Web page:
Illustration with Zoë Barker
Hey Zoe! You’re an illustrator based in Norwich. Your work has a very traditional feel, with lots of redbrick buildings and old-world shop fronts. What is it you enjoy so much about drawing these buildings? Is there any reason you don’t work with more modern subject matter?
Hi there, Alex. Well, I only moved to Norwich about a year and a half ago, from London. I’d been there for 15 years, so it was quite a big move. I grew up in a very small town in Suffolk, so I felt like I was returning to a more familiar place, very close to the sea and the countryside.
I think I enjoy this subject matter so much because it’s so familiar. My Dad is a clockmaker and my Grandad was a watchmaker, and up until I left for Art School, my Dad still ran the family clock shop. So in this way, these drawings are precious memories of my childhood. The British high street will always interest me because it has had such an impact on my family—most of our family friends were shopkeepers too. Growing up in a place where everyone knew you and your family, I found London at first a breath of fresh air, but later, hard to feel ‘known’. My sketchbooks looked very different when I lived in London! In contrast these drawings literally feel like coming home.
I do draw modern scenes and pretty much all of the shopfronts and matter that I draw are from present day, but I’m definitely drawn to people and places that have a foot in the past, or ideas and crafts that have been developed and honed over time. I also find these subjects quite tactile—I’d much rather draw a crusty old building with lots of character than a sleek, glossy one. That goes for my materials too. I love using colouring pencils and watercolour because it’s an experience; the smell of the crayons, the sound they make against the paper.
From the buildings in your work, to the clothing the people are wearing, and the still lives you draw, your artwork feels very English. Do you think your surroundings informed your style, or is it a conscious choice to draw these kinds of things? Do you find English imagery and architecture more inspiring than that of other countries?
I don’t think it was a conscious decision, but I guess my work is often an extension of myself (that sounds so lame, sorry)—and me processing what’s around me. I love the history we have in England, the landscape, the folk music, all the old stuff! I feel like lots of these things are fragile and won’t last forever, so I’m kind of trying to explore them and capture them while I can. I also love architecture from other countries, but I have less of an association with it—I don’t want to draw things for myself that I have no connection to. For example, I drew the Monmouth Coffee illustration because I worked there when I finished art school. My good friends (and my dog) can also be seen drawn into the illustration. They’re little documents of my life.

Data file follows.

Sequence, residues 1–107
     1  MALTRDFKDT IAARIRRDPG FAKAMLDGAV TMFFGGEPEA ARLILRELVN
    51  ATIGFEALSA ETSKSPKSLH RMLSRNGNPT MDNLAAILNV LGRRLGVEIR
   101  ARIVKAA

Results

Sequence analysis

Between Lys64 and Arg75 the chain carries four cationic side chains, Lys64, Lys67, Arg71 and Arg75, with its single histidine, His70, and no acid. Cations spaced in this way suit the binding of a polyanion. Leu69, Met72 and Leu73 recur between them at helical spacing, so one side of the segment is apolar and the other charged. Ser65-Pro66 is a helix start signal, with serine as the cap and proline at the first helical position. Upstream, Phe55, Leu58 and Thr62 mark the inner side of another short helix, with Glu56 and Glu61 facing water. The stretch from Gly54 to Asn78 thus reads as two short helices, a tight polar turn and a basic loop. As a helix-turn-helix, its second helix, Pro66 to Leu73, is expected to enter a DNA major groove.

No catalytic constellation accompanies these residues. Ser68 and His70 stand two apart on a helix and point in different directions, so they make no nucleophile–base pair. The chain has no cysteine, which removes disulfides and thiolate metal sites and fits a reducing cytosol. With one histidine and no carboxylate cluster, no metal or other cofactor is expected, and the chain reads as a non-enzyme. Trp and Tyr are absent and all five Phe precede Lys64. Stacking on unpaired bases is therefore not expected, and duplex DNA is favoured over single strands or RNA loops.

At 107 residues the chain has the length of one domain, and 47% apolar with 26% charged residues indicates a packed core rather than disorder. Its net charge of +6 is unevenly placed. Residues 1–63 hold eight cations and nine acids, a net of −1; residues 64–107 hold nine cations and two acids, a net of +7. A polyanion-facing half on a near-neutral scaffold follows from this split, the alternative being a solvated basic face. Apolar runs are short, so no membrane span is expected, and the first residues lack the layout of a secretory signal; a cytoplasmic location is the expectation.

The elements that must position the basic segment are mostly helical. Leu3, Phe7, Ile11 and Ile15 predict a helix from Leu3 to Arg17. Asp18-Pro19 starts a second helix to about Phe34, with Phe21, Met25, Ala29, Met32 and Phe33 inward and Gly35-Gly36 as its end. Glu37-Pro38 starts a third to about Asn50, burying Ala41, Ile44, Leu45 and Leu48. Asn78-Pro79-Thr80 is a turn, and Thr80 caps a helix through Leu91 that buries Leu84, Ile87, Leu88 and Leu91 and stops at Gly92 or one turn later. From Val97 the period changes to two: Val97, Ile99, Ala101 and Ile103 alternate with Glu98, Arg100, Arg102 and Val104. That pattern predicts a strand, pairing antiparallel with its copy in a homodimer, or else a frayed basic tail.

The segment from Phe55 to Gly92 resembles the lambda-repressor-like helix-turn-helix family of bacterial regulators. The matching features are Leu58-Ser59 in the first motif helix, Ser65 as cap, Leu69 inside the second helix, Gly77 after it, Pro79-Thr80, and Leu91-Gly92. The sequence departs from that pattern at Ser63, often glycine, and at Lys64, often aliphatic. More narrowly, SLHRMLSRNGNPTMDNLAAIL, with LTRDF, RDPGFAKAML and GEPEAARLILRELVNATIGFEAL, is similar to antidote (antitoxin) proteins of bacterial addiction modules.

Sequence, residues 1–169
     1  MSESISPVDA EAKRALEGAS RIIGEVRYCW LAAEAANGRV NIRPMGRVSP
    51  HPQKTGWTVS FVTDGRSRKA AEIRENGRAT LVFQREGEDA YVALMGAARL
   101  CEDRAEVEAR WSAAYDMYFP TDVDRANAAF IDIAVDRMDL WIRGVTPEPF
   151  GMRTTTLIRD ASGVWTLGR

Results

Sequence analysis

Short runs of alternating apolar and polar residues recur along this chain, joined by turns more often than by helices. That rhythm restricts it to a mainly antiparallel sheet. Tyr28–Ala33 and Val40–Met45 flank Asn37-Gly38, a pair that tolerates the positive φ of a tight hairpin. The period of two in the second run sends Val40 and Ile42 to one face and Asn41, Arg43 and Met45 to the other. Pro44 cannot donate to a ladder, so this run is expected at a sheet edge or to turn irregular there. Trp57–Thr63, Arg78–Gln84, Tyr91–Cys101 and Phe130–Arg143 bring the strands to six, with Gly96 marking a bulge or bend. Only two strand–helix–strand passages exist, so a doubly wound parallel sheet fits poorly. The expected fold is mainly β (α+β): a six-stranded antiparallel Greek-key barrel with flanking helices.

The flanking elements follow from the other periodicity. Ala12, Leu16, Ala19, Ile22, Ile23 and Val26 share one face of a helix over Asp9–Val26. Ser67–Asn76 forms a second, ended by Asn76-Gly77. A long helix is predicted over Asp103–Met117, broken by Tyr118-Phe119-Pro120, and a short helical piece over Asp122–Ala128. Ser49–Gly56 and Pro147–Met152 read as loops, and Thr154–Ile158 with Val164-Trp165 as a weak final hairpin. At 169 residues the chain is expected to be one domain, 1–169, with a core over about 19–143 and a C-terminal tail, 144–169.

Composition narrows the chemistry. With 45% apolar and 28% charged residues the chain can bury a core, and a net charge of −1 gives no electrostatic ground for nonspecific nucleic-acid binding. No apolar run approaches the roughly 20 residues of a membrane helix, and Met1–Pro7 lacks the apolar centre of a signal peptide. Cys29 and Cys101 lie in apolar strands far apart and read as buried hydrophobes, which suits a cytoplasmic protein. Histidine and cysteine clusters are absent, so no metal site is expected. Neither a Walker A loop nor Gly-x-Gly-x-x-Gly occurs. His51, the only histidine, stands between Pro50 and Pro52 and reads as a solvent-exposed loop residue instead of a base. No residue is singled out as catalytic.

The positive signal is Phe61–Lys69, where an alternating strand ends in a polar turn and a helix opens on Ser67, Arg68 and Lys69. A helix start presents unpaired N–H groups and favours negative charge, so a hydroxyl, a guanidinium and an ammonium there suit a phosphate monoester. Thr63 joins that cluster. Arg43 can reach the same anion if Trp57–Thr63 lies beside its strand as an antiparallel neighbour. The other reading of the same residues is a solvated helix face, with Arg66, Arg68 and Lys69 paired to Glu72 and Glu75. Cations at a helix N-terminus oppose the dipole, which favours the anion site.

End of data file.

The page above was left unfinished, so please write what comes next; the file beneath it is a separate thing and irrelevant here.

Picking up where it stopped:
I’ve interviewed a fair few illustrators on WFTP, and its almost universal that they have gradually developed their style since childhood. Is that the case for you? What do you think your 10 year old self would think of the work you make today?
Ha, I’d love to chat to my 10 year old self! I was a bit of a loner at school—when I was ten I would often stay in at lunchtime and draw. Mainly dogs. Lots of dogs. I still often try to get a little character walking my dog in my illustrations. I think my 10 year old self would be delighted that I was still drawing. I never knew any artists when I was a kid, and I’d certainly never appreciated the concept of becoming an illustrator, so I think this would blow my little mind.
My style has definitely developed over time—I used to be really caught up about what my style even was, trying to define it. But I kind of just arrived at the way I work now after drawing and drawing and drawing. You definitely can’t rush this process—it takes so much practice and exploration, finding your way, otherwise you just feel really restricted. I can’t wait to see what my drawings look like in another 20 years.
What would you like to offer up as your WFTP hidden gem?
I’d like to offer up illustration legend, ‘David Gentleman’—he’s one of my all time favourites. He is 90 years old! He too draws his environment, often with a nod to rural and quintessentially British scenes. He has a book called ‘London, You’re Beautiful’ which is basically a sketchbook of London throughout the seasons. On the days that I felt like I’d fallen out of love with London, I would flick through this and always feel so inspired. I love to imagine what I’ll be drawing when I’m 90!
Thank you Zoë, it’s been great to learn about your artwork. Please give us your links and social media channels so we can keep up to date with what you do!
Thanks so much for having me. You can find my work on Instagram at @zoebarkerdraws among photos of my Irish Terrier and studio pal, Aida.
Interview by Alex Wilson